Senior Driver Assessment in Ontario
Senior Drivers of Today
Senior Drivers have come under scrutiny these last few weeks in the local papers and newscasts because of a number of incidents that have occurred when they have been behind the wheel. I personally witnessed a senior driver back out of a grocery store parking lot, hit two vehicles and drive over a curb. The driver left with no knowledge of the havoc left behind. If it wasn’t for witnesses the driver would have gotten off to do it again. Maybe, the next time it would not have been a vehicle but a person this driver would have injured.
Today a senior driver can keep their licence to drive, past the age of eighty, as long as they can pass a written and vision test every two years. The Ministry of Transportation runs a Driver Refresher Course lasting about 2 hours prior to the written exam. It covers the basic rules of the road, and how a senior driver can compensate for changes in reflexes and eyesight.
Many seniors pass this written test with flying colours however, some of them show signs of poor cognitive skills when it comes to certain tasks behind the wheel. Many seniors consider themselves good drivers because they have been driving for over fifty years without incident. With age comes physical and mental changes.
Certain prescriptions can affect motor skills, especially if they are mixed with other drugs. A medical doctor is under obligation to notify the Ministry of Transportation if they have a patient that is a threat to themselves and the public. Some seniors get upset when they learn that their licence has been suspended, and that they now have to take a battery of tests by specialists and evaluators etc. to try to regain that licence and their independence.
It is important to remember that driving is not a right of passage, but a privilege and each driver needs to understand the implications of what is at stake. As it stands now,
any driver over the age of 72 who accumulates points for any infraction of the Ontario Highway Traffic Act, or is involved in an “At Fault” collision, will have to under go a driving test – free of charge. A senior driver can attempt this test countless times, but after the first failure their licence is reduced to a G1. They have to wait ten days between each test until they accomplish the “G”license.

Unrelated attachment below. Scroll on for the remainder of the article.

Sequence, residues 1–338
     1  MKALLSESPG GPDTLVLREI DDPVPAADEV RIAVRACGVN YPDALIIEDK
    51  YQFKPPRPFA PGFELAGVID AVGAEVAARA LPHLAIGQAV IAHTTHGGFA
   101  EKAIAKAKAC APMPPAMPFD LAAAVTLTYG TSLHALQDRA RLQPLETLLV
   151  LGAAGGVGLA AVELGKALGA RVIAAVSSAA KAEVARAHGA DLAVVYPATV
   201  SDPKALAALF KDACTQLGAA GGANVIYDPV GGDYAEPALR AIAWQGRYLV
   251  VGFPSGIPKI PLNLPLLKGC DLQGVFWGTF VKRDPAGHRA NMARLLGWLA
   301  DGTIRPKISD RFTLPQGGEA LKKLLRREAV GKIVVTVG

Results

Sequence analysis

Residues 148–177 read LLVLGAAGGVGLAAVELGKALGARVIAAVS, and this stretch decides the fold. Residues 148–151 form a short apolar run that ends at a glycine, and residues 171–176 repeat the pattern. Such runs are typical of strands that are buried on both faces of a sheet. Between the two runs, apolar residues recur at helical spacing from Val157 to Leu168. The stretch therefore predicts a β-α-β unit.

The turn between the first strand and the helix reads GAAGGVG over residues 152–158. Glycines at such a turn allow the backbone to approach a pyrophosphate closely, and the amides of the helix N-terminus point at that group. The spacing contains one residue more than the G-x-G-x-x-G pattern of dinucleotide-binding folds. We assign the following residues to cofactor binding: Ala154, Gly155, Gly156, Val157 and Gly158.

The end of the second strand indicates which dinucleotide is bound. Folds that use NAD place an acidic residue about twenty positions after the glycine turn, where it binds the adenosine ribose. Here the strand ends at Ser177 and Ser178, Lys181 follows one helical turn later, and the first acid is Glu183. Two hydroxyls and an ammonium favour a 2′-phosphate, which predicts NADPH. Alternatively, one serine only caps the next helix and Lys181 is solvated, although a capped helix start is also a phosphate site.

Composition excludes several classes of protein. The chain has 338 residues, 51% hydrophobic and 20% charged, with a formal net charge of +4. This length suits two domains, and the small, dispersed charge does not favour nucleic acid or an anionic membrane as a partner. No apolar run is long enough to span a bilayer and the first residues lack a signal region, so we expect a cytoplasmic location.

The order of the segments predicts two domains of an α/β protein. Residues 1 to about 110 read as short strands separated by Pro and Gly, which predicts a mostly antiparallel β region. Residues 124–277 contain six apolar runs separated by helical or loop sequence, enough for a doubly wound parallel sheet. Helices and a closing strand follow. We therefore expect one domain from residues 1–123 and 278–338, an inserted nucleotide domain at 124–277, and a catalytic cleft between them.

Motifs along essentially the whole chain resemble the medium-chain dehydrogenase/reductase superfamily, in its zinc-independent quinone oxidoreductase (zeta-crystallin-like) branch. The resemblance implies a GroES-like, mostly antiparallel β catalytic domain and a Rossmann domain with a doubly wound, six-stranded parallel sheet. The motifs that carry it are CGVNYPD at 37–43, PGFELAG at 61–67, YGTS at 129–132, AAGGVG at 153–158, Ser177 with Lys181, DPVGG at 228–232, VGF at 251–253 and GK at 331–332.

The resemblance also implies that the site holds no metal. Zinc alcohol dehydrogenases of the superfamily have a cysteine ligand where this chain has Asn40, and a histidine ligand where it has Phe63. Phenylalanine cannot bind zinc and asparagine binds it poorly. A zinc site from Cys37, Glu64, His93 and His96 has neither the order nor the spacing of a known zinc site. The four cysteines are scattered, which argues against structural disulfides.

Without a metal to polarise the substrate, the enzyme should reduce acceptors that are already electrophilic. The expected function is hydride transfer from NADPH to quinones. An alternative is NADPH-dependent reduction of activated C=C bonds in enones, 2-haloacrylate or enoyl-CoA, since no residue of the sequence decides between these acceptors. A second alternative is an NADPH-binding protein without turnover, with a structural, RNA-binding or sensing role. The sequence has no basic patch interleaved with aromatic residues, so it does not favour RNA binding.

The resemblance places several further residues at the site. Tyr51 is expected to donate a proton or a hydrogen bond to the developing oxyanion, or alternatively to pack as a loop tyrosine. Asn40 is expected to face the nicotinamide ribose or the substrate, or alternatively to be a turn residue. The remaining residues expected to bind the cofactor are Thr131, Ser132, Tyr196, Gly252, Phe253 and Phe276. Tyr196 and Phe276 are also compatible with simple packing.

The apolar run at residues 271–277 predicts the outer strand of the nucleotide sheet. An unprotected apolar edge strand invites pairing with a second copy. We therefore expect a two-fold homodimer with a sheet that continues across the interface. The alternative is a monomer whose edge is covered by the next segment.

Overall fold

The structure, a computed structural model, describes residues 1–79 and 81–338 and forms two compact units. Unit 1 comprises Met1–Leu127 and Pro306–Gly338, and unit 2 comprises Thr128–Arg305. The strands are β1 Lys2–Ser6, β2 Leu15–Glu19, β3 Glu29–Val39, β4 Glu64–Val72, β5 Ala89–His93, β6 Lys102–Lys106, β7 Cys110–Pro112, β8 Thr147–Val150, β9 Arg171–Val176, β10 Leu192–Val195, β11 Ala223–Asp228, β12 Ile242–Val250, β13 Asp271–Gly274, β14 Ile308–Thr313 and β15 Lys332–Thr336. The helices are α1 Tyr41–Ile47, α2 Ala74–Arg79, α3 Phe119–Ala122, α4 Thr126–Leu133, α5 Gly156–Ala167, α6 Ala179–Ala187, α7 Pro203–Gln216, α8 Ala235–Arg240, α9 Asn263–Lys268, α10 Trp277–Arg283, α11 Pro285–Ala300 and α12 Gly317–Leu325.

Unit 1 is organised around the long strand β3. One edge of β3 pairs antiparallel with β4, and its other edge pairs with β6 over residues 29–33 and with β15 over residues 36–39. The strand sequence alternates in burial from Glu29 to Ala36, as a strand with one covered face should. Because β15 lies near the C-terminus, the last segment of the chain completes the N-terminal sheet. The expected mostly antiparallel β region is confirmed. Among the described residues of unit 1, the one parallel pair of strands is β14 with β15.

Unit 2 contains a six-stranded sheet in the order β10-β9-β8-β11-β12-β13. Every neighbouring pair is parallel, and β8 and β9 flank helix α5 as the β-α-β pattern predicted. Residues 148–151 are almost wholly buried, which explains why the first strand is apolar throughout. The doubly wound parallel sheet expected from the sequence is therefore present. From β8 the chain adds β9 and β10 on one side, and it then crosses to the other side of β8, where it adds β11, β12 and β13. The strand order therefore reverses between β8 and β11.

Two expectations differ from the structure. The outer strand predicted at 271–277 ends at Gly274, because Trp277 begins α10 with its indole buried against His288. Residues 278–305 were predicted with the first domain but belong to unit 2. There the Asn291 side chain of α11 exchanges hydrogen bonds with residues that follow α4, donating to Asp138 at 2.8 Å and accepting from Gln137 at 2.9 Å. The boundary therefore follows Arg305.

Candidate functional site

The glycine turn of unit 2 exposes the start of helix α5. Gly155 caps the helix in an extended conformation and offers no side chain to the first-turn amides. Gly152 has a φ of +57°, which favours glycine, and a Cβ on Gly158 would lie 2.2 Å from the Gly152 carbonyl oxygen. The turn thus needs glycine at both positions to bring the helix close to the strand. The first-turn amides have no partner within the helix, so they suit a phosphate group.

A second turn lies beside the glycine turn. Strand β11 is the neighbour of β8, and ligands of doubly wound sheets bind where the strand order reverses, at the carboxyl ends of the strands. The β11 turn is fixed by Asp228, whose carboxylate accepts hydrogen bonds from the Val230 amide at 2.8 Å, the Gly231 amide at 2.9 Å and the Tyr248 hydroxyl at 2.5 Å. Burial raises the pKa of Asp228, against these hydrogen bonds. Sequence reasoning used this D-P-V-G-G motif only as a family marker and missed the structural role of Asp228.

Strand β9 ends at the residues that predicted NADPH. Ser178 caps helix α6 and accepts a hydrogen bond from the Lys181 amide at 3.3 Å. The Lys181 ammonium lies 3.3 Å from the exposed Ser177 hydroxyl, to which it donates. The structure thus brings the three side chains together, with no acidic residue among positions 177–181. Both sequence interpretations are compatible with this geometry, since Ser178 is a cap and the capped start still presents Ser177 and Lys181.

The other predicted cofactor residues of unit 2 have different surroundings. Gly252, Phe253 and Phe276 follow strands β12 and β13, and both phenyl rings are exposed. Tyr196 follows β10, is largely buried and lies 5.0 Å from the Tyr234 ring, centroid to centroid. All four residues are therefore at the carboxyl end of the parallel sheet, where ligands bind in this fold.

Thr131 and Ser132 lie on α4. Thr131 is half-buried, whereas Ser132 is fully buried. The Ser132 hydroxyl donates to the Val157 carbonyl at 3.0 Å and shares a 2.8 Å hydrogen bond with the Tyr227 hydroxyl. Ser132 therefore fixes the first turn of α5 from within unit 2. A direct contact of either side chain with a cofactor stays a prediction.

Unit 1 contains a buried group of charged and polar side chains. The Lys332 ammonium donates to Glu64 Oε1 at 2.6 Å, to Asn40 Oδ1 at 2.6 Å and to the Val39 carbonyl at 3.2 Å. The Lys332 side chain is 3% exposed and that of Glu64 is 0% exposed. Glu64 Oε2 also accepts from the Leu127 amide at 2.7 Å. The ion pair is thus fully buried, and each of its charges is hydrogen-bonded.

Currently G1 License Restrictions are:
Must be accompanied by a licensed G Driver in good standing for 4 years
Cannot drive from 12 Midnight to 5:00 am
Cannot drive on any highway with a posted speed limit of 80 or higher
Zero percent blood alcohol concentration
No more passengers than working seatbelts
The Ministry of Transportation is currently considering implementing the time of day and roadway restrictions for seniors, called a “degraded licence”, which is embraced by many other provinces. They have not ruled out mandatory road tests for anyone over the age of 80. Studies are being conducted by the Ontario Government at this time, and the results will be available in the next few years.
Many Seniors recognize their own limitations and have changed when and where they drive, but this has not solved the problem of drivers having limited physical and cognitive abilities.
Annette, who is a senior herself has evaluated countless senior drivers over the years and understands the situation and what is involved. There are many options available at ACCENT ON ADVANCED DRIVER TRAINERS, depending on each situation for the senior driver.
There is a group program for 10 or more, called “55 ALIVE” which includes 5 hours in class instruction which can be taught in one day splitting the time with a lunch hour and breaks, or two mornings or evenings which ever is more convenient. Also included is an evaluation for each participant in their own vehicle. This is an ideal program for senior clubs and groups as it is more economical for each participant. Work books and a power point show make it entertaining and educational, and on completion of this course includes a certificate that some insurance companies would recognize for insurance purposes.
The other option is that an individual senior can make arrangements to come into the office to go over the Ontario Highway Traffic Laws and then make an appointment for an instuctor to take them out in their vehicle and evaluate their driving by putting them through several manoeuvres. This also can be certified.